References in Text
This chapter, referred to in text, was in the original “this Act”, meaning Pub. L. 87–195, Sept. 4, 1961, 75 Stat. 424, as amended, known as the Foreign Assistance Act of 1961. For complete classification of this Act to the Code, see Short Title note set out under section 2151 of this title and Tables.
2000—Pub. L. 106–309 inserted at end “In meeting the requirement of the preceding sentence, specific priority shall be given to the following:” and pars. (1) to (4).
1979—Pub. L. 96–53 struck out provisions relating to availability of funds for fiscal year 1978 for technical assistance.
1977—Pub. L. 95–88 substituted “technical and capital assistance in the development and use of cooperatives” for “assistance in the development of cooperatives” and “$10,000,000 of the funds made available under this chapter for the fiscal year 1978 may be used only for technical assistance” for “$20,000,000 of such funds shall be used during the fiscal years 1976 and 1977, including the period from July 1, 1976, through September 30, 1976, only for technical assistance”.
1975—Pub. L. 94–161 earmarked not less than $20,000,000 for technical assistance during fiscal years 1976 and 1977, including period from July 1, 1976, through Sept. 30, 1976, and deleted similar provision making such minimum sum available for use during fiscal years 1974 and 1975.
Pub. L. 106–309, title IV, § 401(b), Oct. 17, 2000, 114 Stat. 1096, provided that:
“The Congress makes the following findings:
It is in the mutual economic interest of the United States and peoples in developing and transitional countries to promote cooperatives and credit unions.
Self-help institutions, including cooperatives and credit unions, provide enhanced opportunities for people to participate directly in democratic decision-making for their economic and social benefit through ownership and control of business enterprises and through the mobilization of local capital and savings and such organizations should be fully utilized in fostering free market principles and the adoption of self-help approaches to development.
“(3) The United States seeks to encourage broad-based economic and social development by creating and supporting—
agricultural cooperatives that provide a means to lift low income farmers and rural people out of poverty and to better integrate them into national economies;
credit union networks that serve people of limited means through safe savings and by extending credit to families and microenterprises;
electric and telephone cooperatives that provide rural customers with power and telecommunications services essential to economic development;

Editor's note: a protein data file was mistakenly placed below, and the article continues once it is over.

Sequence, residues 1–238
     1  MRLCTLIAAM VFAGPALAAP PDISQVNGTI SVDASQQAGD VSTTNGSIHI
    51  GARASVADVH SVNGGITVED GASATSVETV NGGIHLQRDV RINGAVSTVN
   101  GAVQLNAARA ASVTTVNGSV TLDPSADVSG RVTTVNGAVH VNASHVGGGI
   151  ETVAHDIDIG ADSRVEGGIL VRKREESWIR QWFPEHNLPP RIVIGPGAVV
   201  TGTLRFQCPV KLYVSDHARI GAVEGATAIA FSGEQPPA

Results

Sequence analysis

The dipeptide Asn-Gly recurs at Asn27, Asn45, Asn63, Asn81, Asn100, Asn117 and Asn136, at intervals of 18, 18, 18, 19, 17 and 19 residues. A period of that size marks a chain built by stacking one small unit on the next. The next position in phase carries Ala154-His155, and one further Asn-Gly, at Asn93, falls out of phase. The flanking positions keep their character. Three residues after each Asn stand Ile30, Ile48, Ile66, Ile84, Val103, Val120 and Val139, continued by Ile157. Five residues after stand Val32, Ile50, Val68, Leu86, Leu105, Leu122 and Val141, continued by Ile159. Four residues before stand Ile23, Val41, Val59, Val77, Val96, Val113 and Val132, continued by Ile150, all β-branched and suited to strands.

housing and community-based cooperatives that provide low income shelter and work opportunities for the urban poor; and
mutual and cooperative insurance companies that provide risk protection for life and property to under-served populations often through group policies.”
Declarations of Policy
Pub. L. 106–309, title IV, § 401(c)(1), Oct. 17, 2000, 114 Stat. 1096, provided that:
“The Congress supports the development and expansion of economic assistance programs that fully utilize cooperatives and credit unions, particularly those programs committed to—
international cooperative principles, democratic governance and involvement of women and ethnic minorities for economic and social development;
self-help mobilization of member savings and equity and retention of profits in the community, except for those programs that are dependent on donor financing;
market-oriented and value-added activities with the potential to reach large numbers of low income people and help them enter into the mainstream economy;
strengthening the participation of rural and urban poor to contribute to their country’s economic development; and
utilization of technical assistance and training to better serve the member-owners.”
Pub. L. 106–309, title IV, § 401(d), Oct. 17, 2000, 114 Stat. 1097, provided that:
“Not later than 6 months after the date of the enactment of this Act [Oct. 17, 2000
], the Administrator of the United States Agency for International Development, in consultation with the heads of other appropriate agencies, shall prepare and submit to Congress a report on the implementation of section 111 of the Foreign Assistance Act of 1961 (22 U.S.C. 2151i
), as amended by subsection (c).”